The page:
Are you ready to get into digital music production?
Not so fast.
Do you have the right beginner gear?
When you go into digital music production ecosystem, there are a few things you need in your studio:
- Computer/Notebook: The device to run your DAW, the spec is determined by your budget, get the powerful computer or notebook.
- DAW: The music software allows you to make music, Ableton Live, Garageband, Logic, Cubase…
Actually this is what you need at first, other things are optional, like the speaker, headphone, audio interface, and DJ Mixers. It’s ok to get all this stuff in your bedroom or studio. But if you don’t have that much money, just save it at first and buy the things you really need.
This is what I did when I first entered into digital music production.
At first I had a IBM x60 and run Ableton live on it. Everything goes fine. One day I find that I want to play a chord like the piano player, but I can’t, It’s awkward to play a chord on my notebook keyboard, It’s hard to play, you can’t octave up or octave down easily and there is no velocity when you press the key.
Now, I know that I need a Midi keyboard controller!
Factors to consider when buying a Midi Keyboard Controller
When you want to buy a Midi keyboard controller, there are something you need to take into consider.
- What you want to do with your Midi Keyboard Controller: Do you want to use your Midi controller in your studio or you want to take out to do live performance? Do you want to play a chord or do some MPC-style sample triggering? Do you want to control the parameter with your DAW on-the-fly not using the keyboard or mouse?
- Budget: there are tons of Midi controller out there, from $30 to $500. So you really need to take your money seriously.
- Other Considerations: size, portability or other factors. If you just make music in your studio or bedroom, how much space you have? Do you have other equipment? Or do you want to take your Midi controller on your live performance? Do you want to make music on the go?
So, let’s take a look at the basic element on the modern Midi controller.
How many keys do you need? 25-keys or 49-keys?
25-keys have more portability and has the advantage on size but 49-keys allows you play a full chord. If you want to play on your live performance, 49-keys maybe a good choice than 25-keys. But if you just use it in your bedroom or studio, I think 25-keys is ok, especially for beginner.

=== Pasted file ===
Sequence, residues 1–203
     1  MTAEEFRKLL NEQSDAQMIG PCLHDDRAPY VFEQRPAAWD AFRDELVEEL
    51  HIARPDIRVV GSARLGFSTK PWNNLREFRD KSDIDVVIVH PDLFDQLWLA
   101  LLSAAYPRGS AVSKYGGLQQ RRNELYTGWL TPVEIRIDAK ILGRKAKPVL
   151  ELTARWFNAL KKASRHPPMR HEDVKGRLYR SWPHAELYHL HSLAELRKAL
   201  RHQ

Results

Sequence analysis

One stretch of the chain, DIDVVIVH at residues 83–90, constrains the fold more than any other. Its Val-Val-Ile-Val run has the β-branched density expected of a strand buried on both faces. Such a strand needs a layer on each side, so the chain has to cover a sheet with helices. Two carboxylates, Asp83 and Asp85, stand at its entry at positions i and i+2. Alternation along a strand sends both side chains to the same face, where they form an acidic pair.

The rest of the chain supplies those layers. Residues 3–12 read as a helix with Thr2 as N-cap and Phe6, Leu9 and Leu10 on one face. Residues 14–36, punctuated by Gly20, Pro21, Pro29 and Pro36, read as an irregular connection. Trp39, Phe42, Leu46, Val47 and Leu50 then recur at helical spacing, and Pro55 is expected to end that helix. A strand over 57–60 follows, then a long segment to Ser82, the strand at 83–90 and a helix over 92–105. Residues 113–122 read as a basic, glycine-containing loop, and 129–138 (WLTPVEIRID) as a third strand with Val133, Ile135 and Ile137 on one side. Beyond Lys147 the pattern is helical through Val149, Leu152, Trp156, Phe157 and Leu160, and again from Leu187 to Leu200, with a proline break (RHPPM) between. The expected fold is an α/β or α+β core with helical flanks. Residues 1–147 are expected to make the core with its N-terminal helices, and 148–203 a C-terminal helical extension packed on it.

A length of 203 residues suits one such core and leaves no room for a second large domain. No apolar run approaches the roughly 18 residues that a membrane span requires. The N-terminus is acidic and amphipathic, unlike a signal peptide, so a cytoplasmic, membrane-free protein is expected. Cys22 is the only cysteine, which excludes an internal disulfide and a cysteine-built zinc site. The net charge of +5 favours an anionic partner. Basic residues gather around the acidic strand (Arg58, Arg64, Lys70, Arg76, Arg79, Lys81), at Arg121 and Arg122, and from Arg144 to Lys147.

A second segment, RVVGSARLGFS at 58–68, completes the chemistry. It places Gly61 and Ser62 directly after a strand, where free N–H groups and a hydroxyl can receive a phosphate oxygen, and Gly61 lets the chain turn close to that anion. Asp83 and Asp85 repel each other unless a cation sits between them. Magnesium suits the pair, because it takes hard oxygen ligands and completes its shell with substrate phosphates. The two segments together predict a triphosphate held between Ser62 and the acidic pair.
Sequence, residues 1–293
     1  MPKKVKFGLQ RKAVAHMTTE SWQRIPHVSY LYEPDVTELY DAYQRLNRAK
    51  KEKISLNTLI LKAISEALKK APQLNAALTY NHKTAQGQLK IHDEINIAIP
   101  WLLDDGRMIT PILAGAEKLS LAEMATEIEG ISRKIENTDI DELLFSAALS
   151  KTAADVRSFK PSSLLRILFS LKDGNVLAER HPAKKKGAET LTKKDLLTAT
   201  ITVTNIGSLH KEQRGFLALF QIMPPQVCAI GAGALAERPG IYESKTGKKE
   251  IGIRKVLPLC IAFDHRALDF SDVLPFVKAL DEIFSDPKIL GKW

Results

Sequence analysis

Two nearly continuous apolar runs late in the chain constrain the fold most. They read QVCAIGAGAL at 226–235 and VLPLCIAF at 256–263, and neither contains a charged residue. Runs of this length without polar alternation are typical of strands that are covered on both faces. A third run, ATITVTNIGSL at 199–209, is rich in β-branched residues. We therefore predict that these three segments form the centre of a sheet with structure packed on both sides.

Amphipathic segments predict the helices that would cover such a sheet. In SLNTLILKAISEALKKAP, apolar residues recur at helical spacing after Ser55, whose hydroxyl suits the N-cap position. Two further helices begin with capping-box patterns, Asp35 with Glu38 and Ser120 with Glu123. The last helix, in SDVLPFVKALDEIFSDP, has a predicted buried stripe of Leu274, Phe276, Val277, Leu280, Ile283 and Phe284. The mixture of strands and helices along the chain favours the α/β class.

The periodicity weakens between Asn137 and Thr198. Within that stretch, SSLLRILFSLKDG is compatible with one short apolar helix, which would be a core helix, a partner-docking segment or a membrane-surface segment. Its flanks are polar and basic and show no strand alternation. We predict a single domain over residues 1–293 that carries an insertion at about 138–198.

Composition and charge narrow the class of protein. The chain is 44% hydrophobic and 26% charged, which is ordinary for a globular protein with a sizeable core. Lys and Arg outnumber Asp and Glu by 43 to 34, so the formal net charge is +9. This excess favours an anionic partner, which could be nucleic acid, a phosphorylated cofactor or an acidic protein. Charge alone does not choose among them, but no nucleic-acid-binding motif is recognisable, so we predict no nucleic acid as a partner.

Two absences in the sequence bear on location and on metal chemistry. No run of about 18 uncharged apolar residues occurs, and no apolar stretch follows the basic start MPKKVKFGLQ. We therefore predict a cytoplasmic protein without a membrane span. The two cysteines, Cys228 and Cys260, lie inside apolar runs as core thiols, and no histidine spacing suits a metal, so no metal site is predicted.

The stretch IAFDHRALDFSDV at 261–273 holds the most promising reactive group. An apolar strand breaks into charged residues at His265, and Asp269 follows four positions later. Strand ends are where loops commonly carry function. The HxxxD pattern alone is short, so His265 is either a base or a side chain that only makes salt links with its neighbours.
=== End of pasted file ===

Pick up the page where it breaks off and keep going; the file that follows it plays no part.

The other factor when you choose the keyboard is the touch/feel. There are different type of keyboard like weighted, semi-weighted and unweighted keyboard.
What’s the meaning of all this?
The weighted key is more like the real piano, it’s more expressive for piano player. Unweighted is more soft and cheaper, so it’s more ideal for beginners.
Most MIDI keyboard brands provide different size of the keyboard, from 25 to 32, or more, 49 keys. For example, Akai Pro has different size MIDI keyboard, included 25-keys, 49-keys, 61-keys and more 88-keys. And different type of keyboard, included semi-weighted and unweighted key.
Pad or trigger enables you to do finger drumming or trigger the sample.
The most important factor when you want to buy the controller with pads is it touch-sensitive or not?
Touch-sensitive pad enable you play like real drummer, not just triggering sounds. Some MIDI keyboard has build-in pad, like Akai Pro MPK mini. It has 8 pads and 2 banks, so you get total 16 pads.
Knobs and faders let you control some parameter like the effect or volume, it is always nice to come with your controller so you can easily adjust the sound you want.
Some keyboard has build-in knobs, like Akai Pro MPK mini. It has 8 knobs for you to adjust the parameters. Or you just want some knobs or faders, you still can find the products to fit your setup. It’s very small, portable and affordable.
Some Midi controller has the transport function, so you can easily record your sound, pause and playback. It’s nice to have but not the most important for beginner.
For example, Novation Impulse 25 has play, record, stop button so you can easily work with your DAW.
The interface decides how you connect your keyboard with your PC or other device. The most common interface is USB to MIDI interface. Some controller only has USB to MIDI interface, but some controller has more interface allows you to do some complex setup.
Some MIDI controller ships with Software for the user to do more detail setting, like change what MIDI note will be sent when you press a key or hit a pad.
For example, Novation’s MIDI Controller is ship with mapping software Automap to control the DAW.